As terminals have been renovated and retail services expanded at LMM, revenues have jumped from $2.30 per passenger when Aerostar took over the outdated airport to about $7.40 today. LMM now boasts 124 retail shops, and Dufry — the airport’s duty free operator — has a 28,000-sq-foot store that departing passengers must pass through after clearing security. Dufry also operates a nearly 9,000-sq-foot shop in Concourse A, which serves JetBlue and two small Caribbean regional airlines, LIAT and Tradewinds.
Liquor continues to be the top-selling item at LMM, he said. But it’s not just Bacardi and Don Q rum travelers are taking back to the States; champagne and whiskey are also big sellers. Passengers traveling to the U.S. mainland are exempted from federal taxes on duty free airport purchases — a fact Dufry trumpets via big red “Yes You Can Buy” signs prominently displayed throughout its huge walk-through shop at LMM.
Local handicrafts are also popular, thanks largely to El Market Puerto Rico, a large, colorful store featuring a variety of island products ranging from chocolates to ceramics. And soon, Management Group International, which holds LMM’s master food and beverage concession, will team up with Hacienda Lealtad to open a gourmet coffee shop featuring Puerto Rican coffee from the mountain town of Lares; other iconic brands including Alto Grande, Yauco Selecto are already available for purchase at the airport.
Since 2005, JetBlue’s share of total traffic at LMM has jumped from under 5% to about 38%, displacing American Airlines as the island’s dominant carrier; AA now has 22%, meaning six out of every 10 planes entering or leaving San Juan fly either the JetBlue or American logo. United, Southwest, Spirit and Delta split the remaining 40% of traffic to and from the U.S. mainland, though Arellano said Southwest is growing the fastest “because they have very good promotions, and because they don’t charge for changes or for the first two pieces of luggage.”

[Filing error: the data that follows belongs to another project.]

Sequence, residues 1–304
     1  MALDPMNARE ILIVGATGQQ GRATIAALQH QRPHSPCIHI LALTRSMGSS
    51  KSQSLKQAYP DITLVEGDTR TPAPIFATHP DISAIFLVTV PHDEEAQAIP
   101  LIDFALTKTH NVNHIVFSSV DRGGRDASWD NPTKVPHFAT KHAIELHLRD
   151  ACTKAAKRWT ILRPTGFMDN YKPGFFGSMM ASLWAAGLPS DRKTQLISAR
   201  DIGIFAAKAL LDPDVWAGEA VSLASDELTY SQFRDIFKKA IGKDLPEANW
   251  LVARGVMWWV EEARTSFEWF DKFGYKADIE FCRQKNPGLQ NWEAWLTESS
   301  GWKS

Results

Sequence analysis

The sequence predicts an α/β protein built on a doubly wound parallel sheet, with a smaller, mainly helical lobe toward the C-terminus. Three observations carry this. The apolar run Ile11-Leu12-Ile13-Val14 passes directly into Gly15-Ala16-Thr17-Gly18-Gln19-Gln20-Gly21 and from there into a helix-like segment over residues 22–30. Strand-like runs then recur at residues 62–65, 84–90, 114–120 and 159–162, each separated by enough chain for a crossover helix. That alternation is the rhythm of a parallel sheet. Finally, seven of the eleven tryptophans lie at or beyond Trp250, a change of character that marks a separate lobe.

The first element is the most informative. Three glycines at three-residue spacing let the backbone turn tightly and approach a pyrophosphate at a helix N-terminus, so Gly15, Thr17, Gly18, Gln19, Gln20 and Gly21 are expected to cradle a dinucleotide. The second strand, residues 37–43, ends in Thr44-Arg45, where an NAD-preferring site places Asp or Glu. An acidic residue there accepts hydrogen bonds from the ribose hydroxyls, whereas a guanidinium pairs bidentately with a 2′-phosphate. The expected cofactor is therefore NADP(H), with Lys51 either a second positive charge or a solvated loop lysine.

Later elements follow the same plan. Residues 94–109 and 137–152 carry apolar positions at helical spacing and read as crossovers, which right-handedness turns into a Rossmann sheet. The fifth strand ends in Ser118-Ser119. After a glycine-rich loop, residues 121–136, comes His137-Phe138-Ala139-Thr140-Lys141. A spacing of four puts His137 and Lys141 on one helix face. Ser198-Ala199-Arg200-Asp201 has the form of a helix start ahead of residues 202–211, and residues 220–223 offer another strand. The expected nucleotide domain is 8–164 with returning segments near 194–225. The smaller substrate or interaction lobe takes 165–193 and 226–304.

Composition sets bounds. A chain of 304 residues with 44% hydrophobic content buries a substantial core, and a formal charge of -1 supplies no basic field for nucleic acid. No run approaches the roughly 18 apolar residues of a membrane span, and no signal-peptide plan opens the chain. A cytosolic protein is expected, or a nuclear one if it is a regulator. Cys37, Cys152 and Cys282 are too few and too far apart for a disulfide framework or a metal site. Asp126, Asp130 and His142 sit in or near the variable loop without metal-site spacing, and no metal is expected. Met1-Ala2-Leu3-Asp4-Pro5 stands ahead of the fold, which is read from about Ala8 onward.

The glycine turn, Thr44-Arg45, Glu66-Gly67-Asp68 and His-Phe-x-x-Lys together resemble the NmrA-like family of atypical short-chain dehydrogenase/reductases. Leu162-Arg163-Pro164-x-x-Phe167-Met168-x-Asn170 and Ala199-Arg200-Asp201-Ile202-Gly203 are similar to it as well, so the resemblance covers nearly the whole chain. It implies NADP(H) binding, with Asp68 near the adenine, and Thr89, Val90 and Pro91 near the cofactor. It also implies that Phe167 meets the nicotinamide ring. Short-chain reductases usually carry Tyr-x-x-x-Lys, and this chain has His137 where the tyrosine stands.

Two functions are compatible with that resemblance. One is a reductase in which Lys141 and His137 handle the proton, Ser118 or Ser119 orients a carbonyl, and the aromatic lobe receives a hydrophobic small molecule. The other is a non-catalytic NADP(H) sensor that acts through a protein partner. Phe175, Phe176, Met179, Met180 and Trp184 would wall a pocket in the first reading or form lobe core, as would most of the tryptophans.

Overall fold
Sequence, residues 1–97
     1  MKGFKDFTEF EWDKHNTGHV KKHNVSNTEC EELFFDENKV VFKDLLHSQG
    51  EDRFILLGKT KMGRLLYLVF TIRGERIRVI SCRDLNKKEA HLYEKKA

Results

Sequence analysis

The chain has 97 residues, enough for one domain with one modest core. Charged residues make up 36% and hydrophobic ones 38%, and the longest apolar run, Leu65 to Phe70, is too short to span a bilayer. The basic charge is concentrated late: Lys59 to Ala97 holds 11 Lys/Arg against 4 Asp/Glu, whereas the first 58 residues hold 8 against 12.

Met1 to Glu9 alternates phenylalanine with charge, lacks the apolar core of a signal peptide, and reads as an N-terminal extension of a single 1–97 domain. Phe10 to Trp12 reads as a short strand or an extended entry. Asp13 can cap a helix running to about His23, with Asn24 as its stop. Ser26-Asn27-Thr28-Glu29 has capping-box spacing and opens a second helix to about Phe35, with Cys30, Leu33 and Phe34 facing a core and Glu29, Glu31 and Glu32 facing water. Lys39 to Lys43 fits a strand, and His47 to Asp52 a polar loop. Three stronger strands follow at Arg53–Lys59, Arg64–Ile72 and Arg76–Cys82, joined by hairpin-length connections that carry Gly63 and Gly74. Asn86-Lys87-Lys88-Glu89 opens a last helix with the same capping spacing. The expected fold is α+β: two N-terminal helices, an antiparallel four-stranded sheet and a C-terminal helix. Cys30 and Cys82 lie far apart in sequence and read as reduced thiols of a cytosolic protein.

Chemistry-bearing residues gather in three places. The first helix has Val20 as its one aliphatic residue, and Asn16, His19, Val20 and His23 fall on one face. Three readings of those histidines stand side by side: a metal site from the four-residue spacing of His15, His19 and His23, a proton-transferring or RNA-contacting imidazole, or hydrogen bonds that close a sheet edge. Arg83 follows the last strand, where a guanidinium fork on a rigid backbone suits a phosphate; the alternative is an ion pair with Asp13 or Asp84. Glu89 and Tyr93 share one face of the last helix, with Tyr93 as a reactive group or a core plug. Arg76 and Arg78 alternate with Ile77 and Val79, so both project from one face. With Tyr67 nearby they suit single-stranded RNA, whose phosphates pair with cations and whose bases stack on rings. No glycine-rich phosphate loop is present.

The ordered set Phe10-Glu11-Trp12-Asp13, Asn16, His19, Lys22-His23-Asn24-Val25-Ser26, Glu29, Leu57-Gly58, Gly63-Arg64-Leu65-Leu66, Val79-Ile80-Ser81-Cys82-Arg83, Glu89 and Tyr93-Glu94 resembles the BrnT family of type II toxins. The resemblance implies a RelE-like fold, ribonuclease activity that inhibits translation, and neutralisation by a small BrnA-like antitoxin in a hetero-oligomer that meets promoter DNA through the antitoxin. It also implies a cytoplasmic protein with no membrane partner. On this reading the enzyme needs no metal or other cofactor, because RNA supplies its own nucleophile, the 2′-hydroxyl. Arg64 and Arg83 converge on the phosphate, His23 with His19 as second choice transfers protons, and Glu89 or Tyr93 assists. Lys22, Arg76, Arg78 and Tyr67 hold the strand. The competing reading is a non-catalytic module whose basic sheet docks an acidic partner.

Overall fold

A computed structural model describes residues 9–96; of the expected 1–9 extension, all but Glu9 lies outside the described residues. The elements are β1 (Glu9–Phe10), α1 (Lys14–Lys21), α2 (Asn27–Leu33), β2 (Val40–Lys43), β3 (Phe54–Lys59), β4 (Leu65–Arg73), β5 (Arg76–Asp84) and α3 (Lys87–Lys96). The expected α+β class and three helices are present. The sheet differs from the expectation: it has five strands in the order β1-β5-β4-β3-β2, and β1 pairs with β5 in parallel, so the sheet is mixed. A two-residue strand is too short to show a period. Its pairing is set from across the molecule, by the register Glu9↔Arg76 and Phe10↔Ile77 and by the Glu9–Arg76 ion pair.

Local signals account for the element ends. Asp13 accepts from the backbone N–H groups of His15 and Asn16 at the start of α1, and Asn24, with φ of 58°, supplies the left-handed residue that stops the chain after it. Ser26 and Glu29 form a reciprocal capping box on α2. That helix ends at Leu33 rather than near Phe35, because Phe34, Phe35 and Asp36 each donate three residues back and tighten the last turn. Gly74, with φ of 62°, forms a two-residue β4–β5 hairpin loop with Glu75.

On Dec. 14, Allegiant Airlines will introduce direct service from between San Juan and Orlando Sanford International Airport. The four-times-a-week flights are being advertised at only $50 one-way; three days later, Allegiant will launch direct service between LMM and two more cities, Cincinnati and Pittsburgh.
In fact, because of recent emigration flows, the top three airport destinations for LMM are all in Florida: Miami, Fort Lauderdale and Orlando. And that’s not likely to change anytime soon, regardless of who wins Puerto Rico’s gubernatorial race this November. According to the latest polls, the pro-statehood New Progressive Party has a slight edge over the pro-commonwealth Popular Democratic Party, with only a tiny fraction of voters preferring independence.
The island’s next governor will have to figure out how to help Puerto Rico climb out of its massive debt hole while discouraging people from leaving and attracting new investment to the island; tourism could play a key role in that effort.
“Puerto Rico’s financial crisis is not going to be solved in two, three or four years. It’s going to take eight or 10 years,” according to Arellano. “This is what knowledgeable people are saying. So the back and forth will continue.”
Maryland-based journalist Larry Luxner just returned from a four-day trip to San Juan.